This study sought to explore the sources of stress as experienced by adolescent athletes. A three-year longitudinal study of one male and one female athlete competing for Great Britain in the same sport was undertaken. A qualitative methodology was employed, and interviews and observations were conducted with the participants before, during, and after national and international competitions, training, and throughout the off season. The semi-structured interviews were transcribed verbatim and the data was analysed using inductive content analysis. Organisational stressors that emerged from the analysis were poor training experiences, negative impact for family, learning experiences, and negative experiences. Personal stressors emerged as either negative stressors or positive outcomes and the overall emergent factor from competitive stressors was expectancy. The findings revealed that whilst competitive stressors were not only expected for the male athlete, they were a motivational factor. Furthermore, organisational stressors impinged upon the male and female performances. Personal stressors evidenced that participant perceptions of stressors changed over time due to growth and maturity. Thus future research needs to further examinee the changing nature of stressors over time.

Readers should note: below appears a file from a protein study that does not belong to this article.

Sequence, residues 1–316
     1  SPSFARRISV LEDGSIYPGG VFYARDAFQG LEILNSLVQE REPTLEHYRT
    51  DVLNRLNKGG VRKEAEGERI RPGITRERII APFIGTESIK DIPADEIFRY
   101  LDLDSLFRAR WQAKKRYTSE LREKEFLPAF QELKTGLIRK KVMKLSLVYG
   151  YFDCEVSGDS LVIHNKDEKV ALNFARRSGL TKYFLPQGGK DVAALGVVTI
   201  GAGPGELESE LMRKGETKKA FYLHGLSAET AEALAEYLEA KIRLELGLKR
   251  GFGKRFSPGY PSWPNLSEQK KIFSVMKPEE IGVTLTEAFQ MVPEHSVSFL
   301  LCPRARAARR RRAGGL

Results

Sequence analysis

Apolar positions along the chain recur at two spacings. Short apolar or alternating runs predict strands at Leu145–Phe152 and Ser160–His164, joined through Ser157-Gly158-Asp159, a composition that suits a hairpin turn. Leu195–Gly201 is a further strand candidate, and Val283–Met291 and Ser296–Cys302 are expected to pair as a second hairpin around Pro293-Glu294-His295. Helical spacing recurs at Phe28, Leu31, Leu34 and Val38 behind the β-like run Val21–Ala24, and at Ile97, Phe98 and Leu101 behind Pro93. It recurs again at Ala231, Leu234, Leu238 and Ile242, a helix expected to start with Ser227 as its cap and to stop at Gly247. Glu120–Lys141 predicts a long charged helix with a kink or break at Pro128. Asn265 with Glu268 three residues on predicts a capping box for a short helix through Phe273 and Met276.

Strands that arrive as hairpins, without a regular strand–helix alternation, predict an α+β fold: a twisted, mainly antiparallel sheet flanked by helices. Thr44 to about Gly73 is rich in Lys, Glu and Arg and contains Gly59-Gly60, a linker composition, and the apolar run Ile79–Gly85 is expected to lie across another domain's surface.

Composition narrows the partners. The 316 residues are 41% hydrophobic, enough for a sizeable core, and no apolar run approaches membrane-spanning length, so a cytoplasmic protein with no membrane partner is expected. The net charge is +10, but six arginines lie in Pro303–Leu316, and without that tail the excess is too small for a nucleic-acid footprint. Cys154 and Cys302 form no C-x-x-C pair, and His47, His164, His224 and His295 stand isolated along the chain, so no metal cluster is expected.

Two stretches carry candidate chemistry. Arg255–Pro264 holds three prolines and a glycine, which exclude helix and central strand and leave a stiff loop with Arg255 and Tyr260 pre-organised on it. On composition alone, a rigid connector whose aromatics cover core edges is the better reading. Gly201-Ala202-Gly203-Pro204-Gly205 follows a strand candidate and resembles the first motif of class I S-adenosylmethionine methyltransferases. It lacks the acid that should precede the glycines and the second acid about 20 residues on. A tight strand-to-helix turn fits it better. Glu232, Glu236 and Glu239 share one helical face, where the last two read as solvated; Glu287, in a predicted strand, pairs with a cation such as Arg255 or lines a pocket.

|Keywords:||Elite Sport, Adolescent, Sources of Stress, Organisational Stress, Personal Stress, Competitive Stress, Support Systems, Sport Psychology|
Senior Lecturer, Sport Psychology and Coaching Science, School of Tourism, Bournemouth University, Bournemouth, Dorset, UK